Of course, the sad fact is that this advanced math track is really quite standard in other countries (scroll down to page 7 of the article). (Actually, the main reason I like this article is because half of the Math 55 class I TA'd last year was interviewed in it.)

And I'll bet none of these kids in the WaPo article reads at a 78th grade level.

If there was any justice, my face would be on a bunch of crappy merchandise

The WaPo has an amusing article on the cottage industry of Che merchandising. They missed this shirt, however.

Considering statistics in a relative context

In the past, I've ranted on about sports announcers and writers using statistics that really don't mean much.

This postseason, NFL fans have been clubbed over the head with the statistic that Bill Cowher is 100-1 or somesuch in games in which the Steelers take a lead of 11 points or more. Now I'm willing to believe that Cowher is good at teaching his teams to sit on a lead, but how good is the average coach with a 11-point lead? 80 percent? 90 percent? 95 percent?

A related gripe is when analysts invariably talk about "keys to victory" for each team. Avoid turnovers. Don't get into foul trouble. And so forth.

Well, duh. Leaving aside correlation vs. causality for now, of course these things are keys to victory. Avoiding turnovers is good (provided your offense doesn't become too conservative). Staying out of foul trouble is good (provided you don't start playing matador D). It's much more important to weigh these things relative to each other. ESPN had a nice couple of articles on these sorts of truisms in football a while back, showing that some factors strongly correlated with winning, others not at all.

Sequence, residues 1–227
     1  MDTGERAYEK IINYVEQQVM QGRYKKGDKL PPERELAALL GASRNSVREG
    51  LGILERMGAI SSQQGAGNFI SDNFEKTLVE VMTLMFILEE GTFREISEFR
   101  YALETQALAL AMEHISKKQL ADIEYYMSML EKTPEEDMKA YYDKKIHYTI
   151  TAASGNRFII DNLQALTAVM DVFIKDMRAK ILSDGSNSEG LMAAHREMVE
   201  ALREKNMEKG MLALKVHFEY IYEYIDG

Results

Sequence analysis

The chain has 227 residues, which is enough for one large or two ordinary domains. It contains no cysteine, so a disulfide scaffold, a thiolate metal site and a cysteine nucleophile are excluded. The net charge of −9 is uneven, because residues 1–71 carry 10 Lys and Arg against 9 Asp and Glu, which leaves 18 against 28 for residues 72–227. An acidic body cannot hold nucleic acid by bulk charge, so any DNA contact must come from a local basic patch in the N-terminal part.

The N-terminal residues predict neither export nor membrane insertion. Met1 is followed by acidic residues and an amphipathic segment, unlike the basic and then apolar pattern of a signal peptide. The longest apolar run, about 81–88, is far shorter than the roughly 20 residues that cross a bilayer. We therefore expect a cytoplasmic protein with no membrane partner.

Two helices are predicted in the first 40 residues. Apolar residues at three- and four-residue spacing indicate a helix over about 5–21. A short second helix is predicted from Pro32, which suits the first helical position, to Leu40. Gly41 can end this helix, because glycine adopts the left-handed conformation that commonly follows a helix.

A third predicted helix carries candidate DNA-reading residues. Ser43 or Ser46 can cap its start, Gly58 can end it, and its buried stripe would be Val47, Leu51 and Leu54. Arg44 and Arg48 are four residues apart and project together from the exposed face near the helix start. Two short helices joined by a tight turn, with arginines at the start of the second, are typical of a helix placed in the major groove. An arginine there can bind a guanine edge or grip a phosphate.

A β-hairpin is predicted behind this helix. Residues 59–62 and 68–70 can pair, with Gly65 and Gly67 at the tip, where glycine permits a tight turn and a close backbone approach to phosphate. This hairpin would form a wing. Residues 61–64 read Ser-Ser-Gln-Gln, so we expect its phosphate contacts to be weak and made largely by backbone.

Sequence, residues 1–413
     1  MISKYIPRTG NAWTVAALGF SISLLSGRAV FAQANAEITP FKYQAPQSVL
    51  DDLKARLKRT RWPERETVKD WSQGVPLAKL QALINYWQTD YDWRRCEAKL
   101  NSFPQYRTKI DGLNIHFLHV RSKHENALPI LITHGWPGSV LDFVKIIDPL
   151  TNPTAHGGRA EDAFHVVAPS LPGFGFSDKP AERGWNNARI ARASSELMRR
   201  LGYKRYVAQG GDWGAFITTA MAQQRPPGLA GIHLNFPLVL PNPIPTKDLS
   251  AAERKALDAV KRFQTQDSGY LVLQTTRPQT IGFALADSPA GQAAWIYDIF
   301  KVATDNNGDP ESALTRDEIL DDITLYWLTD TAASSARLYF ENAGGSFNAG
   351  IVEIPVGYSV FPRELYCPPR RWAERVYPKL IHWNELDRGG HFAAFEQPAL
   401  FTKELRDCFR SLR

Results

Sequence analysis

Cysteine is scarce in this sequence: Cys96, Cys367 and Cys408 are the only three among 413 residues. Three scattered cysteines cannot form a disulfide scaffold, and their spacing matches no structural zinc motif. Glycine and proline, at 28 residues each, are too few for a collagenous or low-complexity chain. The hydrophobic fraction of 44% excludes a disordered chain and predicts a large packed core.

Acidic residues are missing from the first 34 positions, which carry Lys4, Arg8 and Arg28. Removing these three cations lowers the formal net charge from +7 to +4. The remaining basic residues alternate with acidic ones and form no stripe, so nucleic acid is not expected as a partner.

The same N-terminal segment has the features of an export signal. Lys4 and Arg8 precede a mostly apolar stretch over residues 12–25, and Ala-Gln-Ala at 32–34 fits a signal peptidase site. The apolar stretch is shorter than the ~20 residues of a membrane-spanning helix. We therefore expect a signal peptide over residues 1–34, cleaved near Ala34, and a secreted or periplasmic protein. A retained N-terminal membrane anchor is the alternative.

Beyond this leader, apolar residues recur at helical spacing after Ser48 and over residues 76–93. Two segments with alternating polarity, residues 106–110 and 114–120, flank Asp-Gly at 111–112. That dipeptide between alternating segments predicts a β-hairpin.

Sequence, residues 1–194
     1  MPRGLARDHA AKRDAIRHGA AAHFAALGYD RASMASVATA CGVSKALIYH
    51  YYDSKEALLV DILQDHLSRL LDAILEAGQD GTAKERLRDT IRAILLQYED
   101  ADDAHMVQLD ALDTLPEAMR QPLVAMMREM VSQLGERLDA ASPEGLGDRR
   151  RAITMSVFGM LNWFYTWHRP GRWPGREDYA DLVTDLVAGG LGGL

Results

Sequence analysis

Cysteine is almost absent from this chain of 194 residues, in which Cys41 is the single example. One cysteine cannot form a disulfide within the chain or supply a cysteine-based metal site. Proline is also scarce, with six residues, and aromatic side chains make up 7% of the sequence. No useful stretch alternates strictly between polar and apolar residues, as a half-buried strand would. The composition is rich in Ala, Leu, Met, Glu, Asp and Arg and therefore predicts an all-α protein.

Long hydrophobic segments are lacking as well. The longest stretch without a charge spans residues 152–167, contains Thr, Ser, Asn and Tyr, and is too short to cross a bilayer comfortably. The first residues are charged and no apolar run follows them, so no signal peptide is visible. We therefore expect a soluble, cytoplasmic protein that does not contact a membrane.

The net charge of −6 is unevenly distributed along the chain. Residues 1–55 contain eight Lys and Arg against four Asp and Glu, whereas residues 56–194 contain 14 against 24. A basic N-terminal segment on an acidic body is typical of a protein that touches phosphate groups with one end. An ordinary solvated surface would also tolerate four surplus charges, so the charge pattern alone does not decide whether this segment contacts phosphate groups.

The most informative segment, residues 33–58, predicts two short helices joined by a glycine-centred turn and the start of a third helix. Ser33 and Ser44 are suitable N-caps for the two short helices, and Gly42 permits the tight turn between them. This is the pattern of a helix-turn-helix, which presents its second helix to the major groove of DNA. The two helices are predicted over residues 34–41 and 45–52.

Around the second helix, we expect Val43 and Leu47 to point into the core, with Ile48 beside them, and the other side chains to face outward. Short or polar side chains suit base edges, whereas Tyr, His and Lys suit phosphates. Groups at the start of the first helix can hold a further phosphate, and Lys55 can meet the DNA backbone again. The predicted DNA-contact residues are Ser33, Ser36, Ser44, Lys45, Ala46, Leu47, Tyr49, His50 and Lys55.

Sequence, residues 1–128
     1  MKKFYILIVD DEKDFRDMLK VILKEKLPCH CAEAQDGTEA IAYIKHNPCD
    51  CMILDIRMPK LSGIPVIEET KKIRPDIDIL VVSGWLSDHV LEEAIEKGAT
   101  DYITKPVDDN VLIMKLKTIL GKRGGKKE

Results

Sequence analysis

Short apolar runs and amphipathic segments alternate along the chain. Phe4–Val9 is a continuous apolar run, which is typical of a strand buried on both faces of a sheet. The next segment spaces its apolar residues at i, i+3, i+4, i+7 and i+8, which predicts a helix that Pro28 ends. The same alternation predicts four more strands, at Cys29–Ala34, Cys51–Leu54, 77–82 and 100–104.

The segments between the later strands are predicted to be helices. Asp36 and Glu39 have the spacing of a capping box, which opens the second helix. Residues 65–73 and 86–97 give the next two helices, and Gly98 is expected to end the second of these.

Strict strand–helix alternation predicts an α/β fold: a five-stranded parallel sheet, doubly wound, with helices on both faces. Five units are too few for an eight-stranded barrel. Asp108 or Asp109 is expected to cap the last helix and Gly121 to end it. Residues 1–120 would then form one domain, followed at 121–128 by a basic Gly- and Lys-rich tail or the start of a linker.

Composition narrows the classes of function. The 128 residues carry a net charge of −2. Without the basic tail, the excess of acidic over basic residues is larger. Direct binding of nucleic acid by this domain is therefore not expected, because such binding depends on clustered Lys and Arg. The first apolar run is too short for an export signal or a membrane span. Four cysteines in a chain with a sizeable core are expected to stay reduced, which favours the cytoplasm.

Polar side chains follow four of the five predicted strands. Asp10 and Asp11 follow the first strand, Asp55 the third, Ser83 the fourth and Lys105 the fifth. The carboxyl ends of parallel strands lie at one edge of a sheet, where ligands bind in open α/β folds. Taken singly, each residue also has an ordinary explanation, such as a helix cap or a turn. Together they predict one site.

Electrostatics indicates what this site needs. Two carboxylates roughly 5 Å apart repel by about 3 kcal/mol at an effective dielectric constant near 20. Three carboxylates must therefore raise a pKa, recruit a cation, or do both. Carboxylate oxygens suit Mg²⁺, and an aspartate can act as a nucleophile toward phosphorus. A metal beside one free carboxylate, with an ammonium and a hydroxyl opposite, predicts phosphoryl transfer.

Sports media types need to ask, and figure out, which of these factors are more relevant than others. Is it more important to shut down Dwyane Wade or Shaq? (My bet would be on Wade.) How much blitzing is too much, and in which situations? (Blitz more on 1st-and-10, not as much on 3rd down or when the QB is in shotgun, and almost never on 3rd-and-long is my guess.)

Sites like Football Outsiders and 82games do a good job of asking these sorts of questions, and it's unfortunate (if unsurprising) that major media outlets, despite their greater technological and statistical resources, have writers and announcers who can't make use of them.


Philosophy of officiating

I think that not materially penalizing a team for personal conduct infractions that occur while play is dead is a pretty sound principle of officiating. It follows that I believe that the penalty accompanying a technical foul -- one free throw in the NBA, one free throw plus possession (?) in NCAA ball is a terrible penalty, and that counting a technical foul as a personal foul in NCAA ball is an even more unfair penalty still. The purpose of a technical foul should be to censure a player, and nothing more.

(Yes, I know that two technicals result in ejection, which does materially affect a game. Some limit is necessary; the point is that T's should not be treated the same as in-play fouls. And I don't mind if these sorts of fouls are called for in-play infractions, like delay of game or illegal defense in the NBA, or unnecessary roughness in football.)

I bring this up because the ACC recently suspended the officials who refereed the Duke-Florida State contest for one game because they incorrectly called a technical foul on Florida State's Alexander Johnson. Johnson mugged Duke player Shelden Williams on a layup attempt. Johnson was correctly assessed an intentional foul. Williams then shoved Johnson in retaliation while Johnson backed away, and technical fouls were called on both players. The technical foul on Johnson counted as his fifth foul, disqualifying him from the game.